Someone is going to be mad at The Colorado Sun today, and we have ourselves to blame.
They’re likely to get fired up about one or more of our opinion columns, so I want to offer some thoughts about why we bother sharing such opinions when we know that they’re guaranteed to rub someone the wrong way every week.
We have been publishing The Colorado Sun online for nearly a year, and without a doubt I hear more criticism about opinion columns than anything else. So please let me explain our thinking about it.
To be clear, The Colorado Sun does not have its own editorial voice, partisan agenda or any aim other than to serve Coloradans quality journalism and to highlight the people, places and issues that make our state such a vibrant place to live, work and play.
The Sun does not make endorsements of any kind, but we seek to provide a forum where Coloradans from many outlooks and backgrounds can come together to share their perspectives in a thoughtful, informed way. All columns are clearly labeled opinion so that readers can distinguish them from The Sun’s own journalism.
If you’d like to share an opinion column, send offerings to firstname.lastname@example.org. Columns should be in the 700- to 800-word range and include the author’s email address, Twitter handle if applicable and a brief tagline identifying the author. We seek fact-based columns that focus on Colorado issues or that have a particular Colorado perspective.
At this point in our nation’s history, as much or more than any other, we need to develop thicker skin and take a moment to consider points of view that diverge from our own. And though it’s difficult to see readers occasionally walk away from us in anger over an opinion column, there’s a more important dynamic at work: We view the Sun as a proving ground for the uniquely American notion that we thrive amid a fully-stocked marketplace of ideas.
I think about my own extended family when we gather for holidays or other events. Like many families, we have wide differences when it comes to politics, religion and social issues. Sometimes we avoid those topics altogether for the sake of better digestion around the dinner table, but other times we dive into them — so far without resorting to name calling, shouting or food fights. Rarely are minds changed, but I like to think that we at least come away with a better understanding of each other’s point of view, or we hear an argument we hadn’t previously considered. We have remained on speaking terms through several presidential elections, Supreme Court battles and turkey dinners.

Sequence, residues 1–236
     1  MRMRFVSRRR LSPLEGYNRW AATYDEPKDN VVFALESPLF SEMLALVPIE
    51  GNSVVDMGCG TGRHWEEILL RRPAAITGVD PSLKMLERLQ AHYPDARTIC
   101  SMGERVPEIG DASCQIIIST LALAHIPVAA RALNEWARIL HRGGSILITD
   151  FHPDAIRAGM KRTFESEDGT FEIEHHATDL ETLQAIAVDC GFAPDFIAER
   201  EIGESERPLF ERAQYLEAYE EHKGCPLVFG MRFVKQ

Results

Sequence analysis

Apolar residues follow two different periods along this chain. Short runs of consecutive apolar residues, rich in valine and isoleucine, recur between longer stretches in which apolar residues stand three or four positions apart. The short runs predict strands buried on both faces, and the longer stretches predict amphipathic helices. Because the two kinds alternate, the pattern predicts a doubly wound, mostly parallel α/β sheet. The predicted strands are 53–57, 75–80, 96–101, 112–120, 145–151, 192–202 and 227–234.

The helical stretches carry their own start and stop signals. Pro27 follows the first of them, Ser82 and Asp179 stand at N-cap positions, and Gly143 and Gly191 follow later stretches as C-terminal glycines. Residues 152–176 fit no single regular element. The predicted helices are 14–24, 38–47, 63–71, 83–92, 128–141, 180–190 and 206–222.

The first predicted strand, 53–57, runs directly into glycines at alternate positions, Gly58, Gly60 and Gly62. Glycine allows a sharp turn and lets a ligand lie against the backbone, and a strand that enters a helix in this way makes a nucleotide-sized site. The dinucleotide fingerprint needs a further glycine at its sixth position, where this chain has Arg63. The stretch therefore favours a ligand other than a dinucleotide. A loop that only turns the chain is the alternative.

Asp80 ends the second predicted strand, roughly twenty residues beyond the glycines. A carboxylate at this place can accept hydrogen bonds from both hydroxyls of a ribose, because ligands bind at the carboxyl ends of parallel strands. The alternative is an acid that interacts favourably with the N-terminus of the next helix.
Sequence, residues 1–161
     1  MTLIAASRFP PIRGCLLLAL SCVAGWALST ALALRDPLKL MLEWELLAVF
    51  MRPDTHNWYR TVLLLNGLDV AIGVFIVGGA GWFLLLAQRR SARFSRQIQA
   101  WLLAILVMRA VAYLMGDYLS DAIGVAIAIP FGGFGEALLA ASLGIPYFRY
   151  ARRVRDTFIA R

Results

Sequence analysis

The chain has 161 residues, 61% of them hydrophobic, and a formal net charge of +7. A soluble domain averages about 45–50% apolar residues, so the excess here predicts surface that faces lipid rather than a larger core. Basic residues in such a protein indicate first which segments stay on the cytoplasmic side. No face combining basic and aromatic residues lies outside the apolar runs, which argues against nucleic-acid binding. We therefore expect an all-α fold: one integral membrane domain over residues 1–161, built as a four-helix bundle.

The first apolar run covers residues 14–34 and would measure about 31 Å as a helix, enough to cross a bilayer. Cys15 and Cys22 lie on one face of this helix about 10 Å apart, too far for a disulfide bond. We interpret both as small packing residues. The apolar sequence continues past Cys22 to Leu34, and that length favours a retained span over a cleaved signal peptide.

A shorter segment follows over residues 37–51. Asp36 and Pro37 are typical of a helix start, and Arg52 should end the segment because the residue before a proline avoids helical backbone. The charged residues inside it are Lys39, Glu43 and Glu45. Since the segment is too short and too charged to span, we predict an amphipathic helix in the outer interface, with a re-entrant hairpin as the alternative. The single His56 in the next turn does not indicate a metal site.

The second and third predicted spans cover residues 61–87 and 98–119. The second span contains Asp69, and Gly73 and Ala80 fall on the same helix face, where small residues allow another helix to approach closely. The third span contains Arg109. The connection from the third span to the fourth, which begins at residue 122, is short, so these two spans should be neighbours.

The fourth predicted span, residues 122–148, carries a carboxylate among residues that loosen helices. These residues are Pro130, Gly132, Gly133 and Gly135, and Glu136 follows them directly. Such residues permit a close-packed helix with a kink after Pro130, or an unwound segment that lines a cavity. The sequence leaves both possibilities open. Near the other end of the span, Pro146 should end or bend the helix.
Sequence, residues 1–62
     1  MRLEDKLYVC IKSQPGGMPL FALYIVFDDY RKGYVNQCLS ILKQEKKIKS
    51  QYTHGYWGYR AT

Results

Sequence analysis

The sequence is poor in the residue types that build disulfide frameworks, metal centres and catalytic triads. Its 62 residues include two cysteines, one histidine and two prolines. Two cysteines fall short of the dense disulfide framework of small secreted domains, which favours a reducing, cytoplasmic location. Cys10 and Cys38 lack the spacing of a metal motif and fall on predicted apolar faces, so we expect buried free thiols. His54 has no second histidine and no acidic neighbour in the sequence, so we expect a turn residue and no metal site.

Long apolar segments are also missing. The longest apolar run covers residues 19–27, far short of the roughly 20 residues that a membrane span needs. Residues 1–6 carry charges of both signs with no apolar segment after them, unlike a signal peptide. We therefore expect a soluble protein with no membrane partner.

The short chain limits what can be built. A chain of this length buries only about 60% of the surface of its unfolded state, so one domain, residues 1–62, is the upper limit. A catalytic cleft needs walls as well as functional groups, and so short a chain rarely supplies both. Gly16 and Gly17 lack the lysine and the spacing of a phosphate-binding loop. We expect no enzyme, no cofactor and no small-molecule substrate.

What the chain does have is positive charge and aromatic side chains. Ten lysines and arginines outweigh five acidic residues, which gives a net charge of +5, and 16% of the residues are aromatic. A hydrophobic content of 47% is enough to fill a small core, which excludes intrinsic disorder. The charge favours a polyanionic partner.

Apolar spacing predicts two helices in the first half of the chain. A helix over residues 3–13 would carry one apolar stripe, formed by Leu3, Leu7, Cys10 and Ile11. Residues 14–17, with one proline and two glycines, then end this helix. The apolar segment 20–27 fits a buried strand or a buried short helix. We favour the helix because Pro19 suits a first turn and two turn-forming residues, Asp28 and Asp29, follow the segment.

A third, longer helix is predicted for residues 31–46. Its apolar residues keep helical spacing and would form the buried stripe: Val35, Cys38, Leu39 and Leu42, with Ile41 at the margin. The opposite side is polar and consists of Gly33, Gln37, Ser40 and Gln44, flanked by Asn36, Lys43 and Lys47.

That’s what we’re trying to promote with our opinion columns. Please remember that these columns don’t reflect The Sun’s perspective — they are the opinions of the authors themselves. Just today, we have a column from someone seeking to unseat U.S. Sen. Cory Gardner, and we have a column from someone who supports him. We’ve had lively columns on many sides of the debate over zero emission standards for automobiles. We recently riled some readers by sharing columns that had very different takes on growth controls in Lakewood.
Believe me, the safest course would be to avoid opinion columns altogether at The Colorado Sun. But we’re seeking to build and promote a Sun community that involves readers from a wide variety of backgrounds, with varied viewpoints and experiences.
Those different views are part of living in Colorado. We have more registered independents than either Republicans or Democrats. That kind of diversity makes Colorado stronger, and certainly more interesting.
I don’t ask or expect you to like or agree with every opinion column we share with you. In fact, I’m sure you won’t. But I do hope that we can prompt some thought, some discussion, some new understanding. If you’d like to offer your own fact-based analysis to further the conversation, then we’re ready to listen.
And please pass the biscuits.